A UCL-led team of researchers is to use the world’s first exascale computer to identify a shortlist of potential new drugs for diseases and to better understand how stroke affects the brain.
The supercomputer, Frontier, at the Oak Ridge Leadership Computing Facility in Tennessee, US, is the first in the world capable of an exaflop – a billion billion operations a second. A team led by Professor Peter Coveney (based in UCL Chemistry and the Advanced Research Computing Centre at UCL) is among research groups who have won access to the new computer, secured through the INCITE (Innovative and Novel Computational Impact on Theory and Experiment) awards programme run by the U.S. Department of Energy’s Office of Science.
Professor Coveney said: “Frontier is a major step ahead of any other supercomputer in the world. It’s at the absolute peak of what is possible, opening up new areas of science that were previously inaccessible.”
The team will use Frontier for two projects. One aims to speed up drug discovery by using an artificial intelligence (AI) algorithm to screen millions of chemical compounds and identify the most promising drug candidates that can then be tested in a lab and potentially fast-tracked to a clinical trial.
In a second project, the supercomputer will be used to simulate blood flow in the brain in the seconds following a stroke. The team will build digital replicas of a part of the brain, the circle of Willis, using data from high-resolution imaging. They will simulate blood flow following different scenarios of blockages in the arteries, looking at how this changes pressure on artery walls, and inferring which areas of the brain are likely to be affected by the stroke most.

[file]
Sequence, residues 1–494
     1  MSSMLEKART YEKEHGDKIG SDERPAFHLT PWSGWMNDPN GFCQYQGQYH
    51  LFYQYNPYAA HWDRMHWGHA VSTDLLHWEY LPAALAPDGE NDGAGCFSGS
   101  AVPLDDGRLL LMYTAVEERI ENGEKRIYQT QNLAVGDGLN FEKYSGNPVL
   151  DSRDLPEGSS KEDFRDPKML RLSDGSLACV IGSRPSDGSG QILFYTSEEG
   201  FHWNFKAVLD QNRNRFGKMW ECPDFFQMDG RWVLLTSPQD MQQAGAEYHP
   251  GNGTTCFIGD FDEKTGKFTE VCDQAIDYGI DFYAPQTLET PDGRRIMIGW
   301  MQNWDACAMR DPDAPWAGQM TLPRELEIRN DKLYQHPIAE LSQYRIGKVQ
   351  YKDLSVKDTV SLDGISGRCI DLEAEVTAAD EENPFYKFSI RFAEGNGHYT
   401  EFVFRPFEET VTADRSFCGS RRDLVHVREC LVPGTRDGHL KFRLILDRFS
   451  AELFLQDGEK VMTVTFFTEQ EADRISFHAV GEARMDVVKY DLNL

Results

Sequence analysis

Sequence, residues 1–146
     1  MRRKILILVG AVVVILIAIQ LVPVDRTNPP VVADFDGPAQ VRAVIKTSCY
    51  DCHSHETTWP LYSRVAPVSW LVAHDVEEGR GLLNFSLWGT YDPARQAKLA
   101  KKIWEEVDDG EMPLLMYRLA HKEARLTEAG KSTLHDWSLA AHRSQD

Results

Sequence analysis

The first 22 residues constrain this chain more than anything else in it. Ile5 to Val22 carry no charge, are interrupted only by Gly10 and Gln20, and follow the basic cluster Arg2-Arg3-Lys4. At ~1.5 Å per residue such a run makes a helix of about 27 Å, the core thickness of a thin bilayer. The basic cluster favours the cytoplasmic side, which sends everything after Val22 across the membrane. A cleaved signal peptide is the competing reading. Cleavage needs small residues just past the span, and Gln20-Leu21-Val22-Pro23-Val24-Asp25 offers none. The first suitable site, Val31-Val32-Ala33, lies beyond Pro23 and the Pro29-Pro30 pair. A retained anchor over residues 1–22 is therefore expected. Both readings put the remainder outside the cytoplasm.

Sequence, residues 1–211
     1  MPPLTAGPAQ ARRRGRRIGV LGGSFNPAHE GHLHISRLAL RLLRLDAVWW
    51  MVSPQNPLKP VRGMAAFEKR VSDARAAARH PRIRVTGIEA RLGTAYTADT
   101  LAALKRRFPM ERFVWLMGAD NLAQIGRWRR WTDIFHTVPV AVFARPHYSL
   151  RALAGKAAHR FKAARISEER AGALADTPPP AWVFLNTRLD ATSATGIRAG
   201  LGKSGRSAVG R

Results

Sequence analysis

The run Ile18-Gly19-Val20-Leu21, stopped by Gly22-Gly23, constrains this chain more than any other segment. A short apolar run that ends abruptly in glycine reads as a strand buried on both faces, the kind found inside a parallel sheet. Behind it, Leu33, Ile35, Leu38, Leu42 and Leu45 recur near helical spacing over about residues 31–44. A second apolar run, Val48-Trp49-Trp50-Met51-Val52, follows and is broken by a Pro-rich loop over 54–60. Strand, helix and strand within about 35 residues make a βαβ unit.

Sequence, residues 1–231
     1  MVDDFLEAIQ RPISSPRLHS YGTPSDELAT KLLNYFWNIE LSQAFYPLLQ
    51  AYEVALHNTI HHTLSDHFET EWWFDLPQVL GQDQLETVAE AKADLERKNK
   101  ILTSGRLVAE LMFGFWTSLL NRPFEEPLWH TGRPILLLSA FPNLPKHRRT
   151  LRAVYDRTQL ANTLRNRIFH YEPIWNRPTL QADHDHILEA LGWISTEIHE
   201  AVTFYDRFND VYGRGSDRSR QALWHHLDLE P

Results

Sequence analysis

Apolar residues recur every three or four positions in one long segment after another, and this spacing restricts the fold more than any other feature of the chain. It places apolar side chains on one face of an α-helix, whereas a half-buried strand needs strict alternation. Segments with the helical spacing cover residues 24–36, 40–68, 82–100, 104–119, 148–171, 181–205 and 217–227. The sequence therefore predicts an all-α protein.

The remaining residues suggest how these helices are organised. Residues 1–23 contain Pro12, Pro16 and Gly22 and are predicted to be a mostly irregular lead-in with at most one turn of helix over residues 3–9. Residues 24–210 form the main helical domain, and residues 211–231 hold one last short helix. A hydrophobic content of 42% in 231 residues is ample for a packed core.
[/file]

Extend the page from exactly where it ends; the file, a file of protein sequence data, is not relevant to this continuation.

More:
The INCITE programme is jointly managed by the Argonne Leadership Computing Facility (ALCF) and the Oak Ridge Leadership Computing Facility (OLCF).
Professor Gina Tourassi, director of the National Center for Computational Sciences, which houses the OLCF, said: “This is an exceptionally important year for us. Users now have access to a machine nearly ten times as powerful as our previous flagship system.”
With their INCITE proposal assessed for computational readiness and scalability of the project codes, Professor Coveney’s team were awarded 520,000 node hours on Frontier, which is 50 times faster than the most powerful computer in the UK, and 75,000 node hours on another supercomputer, Polaris at Argonne National Laboratory. The award commences on 1 January 2023.
Professor Michael E. Papka, director of ALCF, said: “These projects promise to represent the scientific community at its best. The breadth of scientific discipline and diversity of method this year’s allocations encompass — not to mention the dedicated researchers whose efforts will propel this work — demonstrate the power and potential of leadership computing systems to accelerate discovery as we transition into the exascale era.”